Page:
Editor’s note: For the month of January, our features will be focusing on up-and-coming artists, what we are calling “rated rookies.” These musicians are making what we feel is the cream of a new crop, and we think you will (sooner or later) agree. Enjoy!
In a city like New York, where there’s eight million stories and almost as many bands, it can be hard to be heard. Still, it was probably only a matter of time before the Darlings’ rambunctious pop came bursting to the surface. Their debut full-length, Yeah I Know, ties puckish loose ends of feedback and noise to choice melodies placed front and center, capping the potent combination off with touches of adolescent vitriol and a slight amount of Strokes-like cool.
The band formed in 2007 while all four members of the band—singer, guitarist and songwriter Peter Rynsky, drummer Matt Solomon, bassist Joe Tirabassi, and keyboardist and singer Maura Lynch—were still in school at New York University and playing house parties. They’ve since graduated to gigs at both DIY spaces and proper clubs throughout Manhattan and Brooklyn, but the youthful vigor remains intact, gaining the band recognition in the local press (if you call the New York Times local). Songs like “Eviction Party” and “People Say” are the stuff careers are made of, though, and it’s probably only a matter of time before the band’s name is known west of the Hudson.
I sat down with Peter, Matt and Maura (Joe had to work) on a cold winter night to discuss the band’s beginning and bright future.
How did Darlings get started?
Peter Rynsky: We all went to school together at NYU. Matt and Joe lived in an apartment on Bleeker Street that was really big and we had a bunch of music equipment set up there, including a drumset, which is rare. So we were able to hang out at their place and play. We messed around for awhile and then decided we should start a band.
Matt Solomon: Pete and I would fuck around playing songs, and then I got a four-track and we started recording . We got Joe to lay down some stuff, then we got Maura to play because we thought it would be cool to have a girl in the band. Once we had a few songs, our first show was at a house party at that apartment.
Maura Lynch: It was the last Bleeker Street party.
PR: Yeah, we had a lot of parties there, and we knew the last one would have a lot of people so we decided to play our first show.
MS: That was June of 2007. We’d only been messing around for a few months before that.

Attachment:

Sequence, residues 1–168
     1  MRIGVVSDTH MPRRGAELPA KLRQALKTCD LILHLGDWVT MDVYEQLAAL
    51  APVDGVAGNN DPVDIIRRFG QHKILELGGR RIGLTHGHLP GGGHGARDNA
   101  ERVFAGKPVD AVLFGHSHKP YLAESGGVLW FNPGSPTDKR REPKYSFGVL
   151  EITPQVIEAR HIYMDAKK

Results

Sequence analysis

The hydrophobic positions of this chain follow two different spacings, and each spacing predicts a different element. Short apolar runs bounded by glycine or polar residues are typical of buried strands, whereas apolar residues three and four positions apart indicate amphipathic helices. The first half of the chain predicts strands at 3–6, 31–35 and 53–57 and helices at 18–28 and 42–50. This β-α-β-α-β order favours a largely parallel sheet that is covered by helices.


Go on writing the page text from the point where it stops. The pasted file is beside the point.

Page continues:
PR: We started as Titty Titty Panda—that was our first name. We were just messing around and recording rough demos, then finals came around and we stopped for awhile. Then college was about to end, and we started again and changed our name.
ML: Yeah, I didn’t start playing until May, in the second incarnation.
Did you have any specific ideas in mind as far as the music?
PR: I did. I love the idea of pop and noise combined, the perfect balance of being really pop with weird sounds and feedback.
MS: I think we were all on the same page. We all grew up listening to the same sort of music. We came of age in the early ’90s with Nirvana and Weezer. We had the same idea, but I think the sound is mostly dictated by the early songs that Peter had already written. They were barebone rock songs, a little surfy, really melodic but also distorted. It evolved from there—but not too much.
PR: We’re working on that still!
Had any of you played music in a formal way before?
PR: I think we all did. Matt, Joe and I all had bands in high school.
MS: I’ve been playing in bands since I was 12.
ML: I always played, but by myself. I’d record myself.
MS: It was a long road getting Maura on stage. The first several shows she played with her back to the audience.
ML: I don’t know if that’s true.
When you started, did you have the idea that you wanted to play out and do this as a serious endeavor? Were you intimidated starting a band in New York?
PR: We went into it with full confidence because we just wanted to make fun songs. I didn’t even think about people’s expectations and whether or not they’d be into it. We just wanted to make what we thought sounded awesome.